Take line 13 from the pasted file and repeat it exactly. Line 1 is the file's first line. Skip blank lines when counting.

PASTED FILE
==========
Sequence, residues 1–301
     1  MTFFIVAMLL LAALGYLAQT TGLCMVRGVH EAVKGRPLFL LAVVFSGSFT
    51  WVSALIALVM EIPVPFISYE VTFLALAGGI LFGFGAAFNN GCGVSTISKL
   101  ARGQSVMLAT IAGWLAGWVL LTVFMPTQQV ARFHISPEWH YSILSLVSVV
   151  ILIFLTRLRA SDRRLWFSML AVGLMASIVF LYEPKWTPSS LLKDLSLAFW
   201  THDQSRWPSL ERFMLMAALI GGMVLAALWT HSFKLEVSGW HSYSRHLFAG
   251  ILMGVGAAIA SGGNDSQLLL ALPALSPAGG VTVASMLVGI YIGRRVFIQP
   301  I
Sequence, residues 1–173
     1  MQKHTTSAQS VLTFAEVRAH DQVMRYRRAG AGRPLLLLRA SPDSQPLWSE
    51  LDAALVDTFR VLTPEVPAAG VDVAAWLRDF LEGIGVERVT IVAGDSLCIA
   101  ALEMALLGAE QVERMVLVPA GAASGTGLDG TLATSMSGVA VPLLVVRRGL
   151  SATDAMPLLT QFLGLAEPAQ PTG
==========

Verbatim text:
   151  SATDAMPLLT QFLGLAEPAQ PTG